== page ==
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Dressing down for WA Club

HORROR of horrors. The venerable Western Australian Club has dropped its jacket and tie rule.

The rule, in place throughout the club's 108-year history, has gone because its committee thought it was losing the club too much money. One estimate put the loss at about $100,000 a year.

Admittedly, the club's down-stairs Diggers and Dealers Bar has been jacket and tie-free for some time and members have been allowed to (shudder) use their mobile phones there.

WA Club CEO J Barrey Williams said the changing dress standards in many of Perth's professional firms had forced the change.

"As a committee we recognised a number of our members weren't able to use the club because of the way they were dressed," Mr Williams said.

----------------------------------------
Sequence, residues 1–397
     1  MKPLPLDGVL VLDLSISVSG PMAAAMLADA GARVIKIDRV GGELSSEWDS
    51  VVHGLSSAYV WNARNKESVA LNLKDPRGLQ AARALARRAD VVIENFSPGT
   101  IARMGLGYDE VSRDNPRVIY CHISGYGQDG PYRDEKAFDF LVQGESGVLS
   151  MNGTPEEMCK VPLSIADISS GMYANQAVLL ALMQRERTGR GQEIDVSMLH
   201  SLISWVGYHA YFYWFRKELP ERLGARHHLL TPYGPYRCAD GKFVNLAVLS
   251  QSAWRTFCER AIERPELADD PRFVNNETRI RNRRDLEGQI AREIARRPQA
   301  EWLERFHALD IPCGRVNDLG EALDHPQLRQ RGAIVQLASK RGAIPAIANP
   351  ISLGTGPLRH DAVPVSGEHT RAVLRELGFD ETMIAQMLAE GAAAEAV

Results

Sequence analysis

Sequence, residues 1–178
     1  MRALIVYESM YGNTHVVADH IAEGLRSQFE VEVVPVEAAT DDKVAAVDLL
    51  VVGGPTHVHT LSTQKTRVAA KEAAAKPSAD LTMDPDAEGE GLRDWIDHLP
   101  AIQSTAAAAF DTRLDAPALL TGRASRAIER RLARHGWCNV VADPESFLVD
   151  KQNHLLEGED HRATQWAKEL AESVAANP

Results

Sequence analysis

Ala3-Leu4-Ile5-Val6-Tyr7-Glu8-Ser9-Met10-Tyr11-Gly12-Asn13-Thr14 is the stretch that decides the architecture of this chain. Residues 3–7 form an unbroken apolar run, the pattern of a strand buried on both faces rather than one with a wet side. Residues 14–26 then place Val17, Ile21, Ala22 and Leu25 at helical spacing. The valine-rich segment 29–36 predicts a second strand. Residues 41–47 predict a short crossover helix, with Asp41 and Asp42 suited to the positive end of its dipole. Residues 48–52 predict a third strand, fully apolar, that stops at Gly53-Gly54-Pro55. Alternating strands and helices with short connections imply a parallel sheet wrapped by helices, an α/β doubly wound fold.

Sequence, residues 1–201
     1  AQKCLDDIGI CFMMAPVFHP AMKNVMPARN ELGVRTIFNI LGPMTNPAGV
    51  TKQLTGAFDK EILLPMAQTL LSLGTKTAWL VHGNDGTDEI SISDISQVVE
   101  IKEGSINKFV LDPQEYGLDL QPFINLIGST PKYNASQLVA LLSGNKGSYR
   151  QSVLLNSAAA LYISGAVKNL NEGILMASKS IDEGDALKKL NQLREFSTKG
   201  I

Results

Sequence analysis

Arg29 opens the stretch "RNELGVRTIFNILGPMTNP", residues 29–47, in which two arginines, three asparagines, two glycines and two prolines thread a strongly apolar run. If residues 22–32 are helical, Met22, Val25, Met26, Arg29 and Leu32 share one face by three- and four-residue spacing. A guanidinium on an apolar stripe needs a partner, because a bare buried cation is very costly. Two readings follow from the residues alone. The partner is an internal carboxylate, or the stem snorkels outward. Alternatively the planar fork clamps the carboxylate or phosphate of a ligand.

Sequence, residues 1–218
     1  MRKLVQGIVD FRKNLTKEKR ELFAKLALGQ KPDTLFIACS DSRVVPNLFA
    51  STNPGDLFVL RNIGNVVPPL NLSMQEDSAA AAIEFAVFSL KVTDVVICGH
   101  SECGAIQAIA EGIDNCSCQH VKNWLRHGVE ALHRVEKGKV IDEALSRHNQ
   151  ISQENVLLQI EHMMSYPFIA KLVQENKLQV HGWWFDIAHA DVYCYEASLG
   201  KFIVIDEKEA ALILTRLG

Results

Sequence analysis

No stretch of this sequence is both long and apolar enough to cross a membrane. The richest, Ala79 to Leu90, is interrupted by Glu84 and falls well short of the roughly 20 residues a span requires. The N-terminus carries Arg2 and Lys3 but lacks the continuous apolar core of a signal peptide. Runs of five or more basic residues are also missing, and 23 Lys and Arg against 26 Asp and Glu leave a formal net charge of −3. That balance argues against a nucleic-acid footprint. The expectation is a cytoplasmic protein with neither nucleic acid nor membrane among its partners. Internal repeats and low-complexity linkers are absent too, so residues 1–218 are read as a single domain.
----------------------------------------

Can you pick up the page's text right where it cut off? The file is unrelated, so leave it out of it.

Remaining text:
"In many cases a smart pair of trousers and a business shirt without a tie would preclude them from using our restaurants. But that's the sort of thing people are wearing to work these days.

"There is no question this has cost the club everything from a quick cup of coffee to a full business lunch."

Law firm Freehills and accountants PriceWater-house Coopers and Deloittes Touche Tohmatsu are among the major professional firms to adopt a casual dress code.

WA Club members have been told the new dress standard throughout all areas of the club is "business casual" or "relaxed professional".

But no denim, shorts, sneakers or boat shoes are allowed at any time and mobile phone use is restricted to the foyer and the Diggers and Dealers Bar.

So far the club has not received any complaints from members. Mr Williams said the casual dress code was not an attempt to attract more members.

The club's membership has risen from 600 to around 2,000 since it returned to St Georges Terrace after its brief sojourn on The Esplanade.

Mr Williams said the club's half-price membership for under 30s had proved successful.

The Weld Club secretary Russell Fini refused to comment on whether the establishment venue had any plans to relax its dress standards.

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